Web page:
What about skills, what are some qualities you need to have to be a CD?
Every content designer has their strong suits. There isn’t a comprehensive list of qualities that you need to have to be a content designer. However, from my experience as an entry-level content designer, I’d like to empathize 3 things that are important for UX, but are perhaps more crucial for CD:
“Empathy has been a buzzword in the UX industry, but I do think it’s essential. Being empathetic means you are a user advocate and are willing to understand users’ pain points and needs in depth. With the problem in mind, you then follow the design thinking process and keep iterating on the best solution for users.”
2. Research and data-driven
“Being research and data-driven also ties to being a user advocate. As a content designer, you learn about users’ needs and pain points from both qualitative and quantitative insights. Through these insights, you can figure out users’ mental models and the root cause of the problem, so you can design better content that makes the experience better. Also, research and data can back up your content recommendations, which means you can be more persuasive when communicating your design decisions with stakeholders.”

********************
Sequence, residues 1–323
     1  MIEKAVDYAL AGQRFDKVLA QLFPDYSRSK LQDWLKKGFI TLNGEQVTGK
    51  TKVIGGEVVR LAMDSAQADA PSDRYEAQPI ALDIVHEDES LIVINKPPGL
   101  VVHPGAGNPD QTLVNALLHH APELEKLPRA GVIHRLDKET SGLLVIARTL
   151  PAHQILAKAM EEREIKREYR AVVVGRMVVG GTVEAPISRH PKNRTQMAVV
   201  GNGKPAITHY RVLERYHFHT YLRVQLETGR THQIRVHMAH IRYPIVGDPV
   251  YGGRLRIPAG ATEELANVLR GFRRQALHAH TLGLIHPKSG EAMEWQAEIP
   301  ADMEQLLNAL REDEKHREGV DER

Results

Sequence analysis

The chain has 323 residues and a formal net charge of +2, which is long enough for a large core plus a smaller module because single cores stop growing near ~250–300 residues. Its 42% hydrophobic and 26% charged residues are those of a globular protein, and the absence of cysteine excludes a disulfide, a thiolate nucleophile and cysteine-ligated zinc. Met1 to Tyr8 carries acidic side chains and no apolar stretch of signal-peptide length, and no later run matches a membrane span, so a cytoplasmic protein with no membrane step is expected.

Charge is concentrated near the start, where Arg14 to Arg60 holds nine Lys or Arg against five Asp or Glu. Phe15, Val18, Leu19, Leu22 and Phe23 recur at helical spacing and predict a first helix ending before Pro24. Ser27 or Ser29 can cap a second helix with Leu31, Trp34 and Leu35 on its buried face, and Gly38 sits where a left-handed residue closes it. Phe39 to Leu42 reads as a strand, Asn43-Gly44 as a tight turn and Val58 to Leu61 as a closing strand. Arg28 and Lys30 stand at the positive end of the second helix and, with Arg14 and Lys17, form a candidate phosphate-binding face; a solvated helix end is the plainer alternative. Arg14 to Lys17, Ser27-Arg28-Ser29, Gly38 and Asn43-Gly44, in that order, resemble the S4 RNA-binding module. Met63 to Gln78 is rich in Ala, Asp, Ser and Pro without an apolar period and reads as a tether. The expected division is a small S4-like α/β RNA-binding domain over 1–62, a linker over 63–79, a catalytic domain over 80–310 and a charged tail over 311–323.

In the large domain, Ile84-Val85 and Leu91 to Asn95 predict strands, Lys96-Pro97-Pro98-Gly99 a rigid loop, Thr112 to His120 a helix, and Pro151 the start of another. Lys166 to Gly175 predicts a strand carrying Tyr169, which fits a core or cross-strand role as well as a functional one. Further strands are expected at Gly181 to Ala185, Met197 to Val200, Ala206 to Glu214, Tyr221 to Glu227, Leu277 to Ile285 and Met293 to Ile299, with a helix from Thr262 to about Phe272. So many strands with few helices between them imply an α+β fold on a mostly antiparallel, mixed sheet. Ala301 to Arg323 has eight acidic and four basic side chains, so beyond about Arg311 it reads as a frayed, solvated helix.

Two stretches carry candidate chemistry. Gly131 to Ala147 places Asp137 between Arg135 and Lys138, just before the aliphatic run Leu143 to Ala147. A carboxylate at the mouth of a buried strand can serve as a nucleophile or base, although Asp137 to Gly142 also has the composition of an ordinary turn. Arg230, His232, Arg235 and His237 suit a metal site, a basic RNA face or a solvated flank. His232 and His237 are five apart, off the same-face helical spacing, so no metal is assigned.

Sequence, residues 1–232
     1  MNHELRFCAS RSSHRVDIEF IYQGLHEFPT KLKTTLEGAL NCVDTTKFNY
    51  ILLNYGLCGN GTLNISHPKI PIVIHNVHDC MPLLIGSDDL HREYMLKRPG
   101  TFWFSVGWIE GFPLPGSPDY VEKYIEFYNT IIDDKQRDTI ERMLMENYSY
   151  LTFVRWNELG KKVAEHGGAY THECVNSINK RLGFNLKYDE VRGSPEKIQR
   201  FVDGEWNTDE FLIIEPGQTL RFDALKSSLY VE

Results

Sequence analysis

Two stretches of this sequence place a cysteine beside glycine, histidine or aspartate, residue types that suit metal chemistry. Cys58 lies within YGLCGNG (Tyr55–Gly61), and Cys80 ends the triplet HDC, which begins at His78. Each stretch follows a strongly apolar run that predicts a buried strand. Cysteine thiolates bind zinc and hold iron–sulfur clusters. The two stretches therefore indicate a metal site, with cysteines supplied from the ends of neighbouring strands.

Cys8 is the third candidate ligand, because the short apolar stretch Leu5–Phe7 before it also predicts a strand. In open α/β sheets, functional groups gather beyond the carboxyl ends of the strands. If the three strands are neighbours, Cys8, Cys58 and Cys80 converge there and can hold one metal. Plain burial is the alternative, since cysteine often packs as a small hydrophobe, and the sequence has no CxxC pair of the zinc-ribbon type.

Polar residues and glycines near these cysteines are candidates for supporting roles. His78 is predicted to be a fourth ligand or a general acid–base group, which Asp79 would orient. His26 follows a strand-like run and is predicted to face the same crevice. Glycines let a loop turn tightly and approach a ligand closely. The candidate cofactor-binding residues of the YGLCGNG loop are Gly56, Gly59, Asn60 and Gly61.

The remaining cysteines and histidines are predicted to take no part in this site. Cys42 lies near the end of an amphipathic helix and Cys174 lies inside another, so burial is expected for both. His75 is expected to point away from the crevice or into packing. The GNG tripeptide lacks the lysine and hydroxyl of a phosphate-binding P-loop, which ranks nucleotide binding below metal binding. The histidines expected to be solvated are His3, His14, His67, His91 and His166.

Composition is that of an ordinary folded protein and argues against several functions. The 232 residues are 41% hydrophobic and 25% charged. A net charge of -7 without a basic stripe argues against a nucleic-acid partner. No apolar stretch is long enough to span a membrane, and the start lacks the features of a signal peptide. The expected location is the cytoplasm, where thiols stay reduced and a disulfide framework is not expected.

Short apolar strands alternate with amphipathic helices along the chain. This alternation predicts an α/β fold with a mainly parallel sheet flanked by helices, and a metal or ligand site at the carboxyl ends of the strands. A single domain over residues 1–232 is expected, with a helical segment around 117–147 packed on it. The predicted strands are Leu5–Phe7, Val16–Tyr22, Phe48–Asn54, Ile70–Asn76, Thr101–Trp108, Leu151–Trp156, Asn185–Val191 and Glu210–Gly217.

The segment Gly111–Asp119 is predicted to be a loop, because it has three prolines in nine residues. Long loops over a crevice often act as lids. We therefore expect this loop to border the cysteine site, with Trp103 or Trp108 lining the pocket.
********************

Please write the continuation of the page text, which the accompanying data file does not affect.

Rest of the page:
“Content design is all about connecting the dots across the experience. Designing a seamless narrative allows users to interact with your product the way you expect them to. If you’re designing an end-to-end experience, always think about what content or message a user needs at each touch point of the user journey and map out a blueprint to help you shape the story for your product or experience.”
Awesome, so let’s say if I am someone who feels like Content Design could be a great fit for me, what is the interview structure I should expect for a company like Expedia?
Similar to most UX design interviews, content design interviews start from a recruiter call to learning about your background, interests, and expectations.
“Be prepared to ask questions regarding the position. Then, if the recruiter thinks you are a fit for the role, they will pass your information to the hiring manager and schedule an interview. During the hiring manager interview, you’ll have the opportunity to share your past content design experience and impact. You’ll also be asked some typical behavioral questions, so make sure you have some examples ready.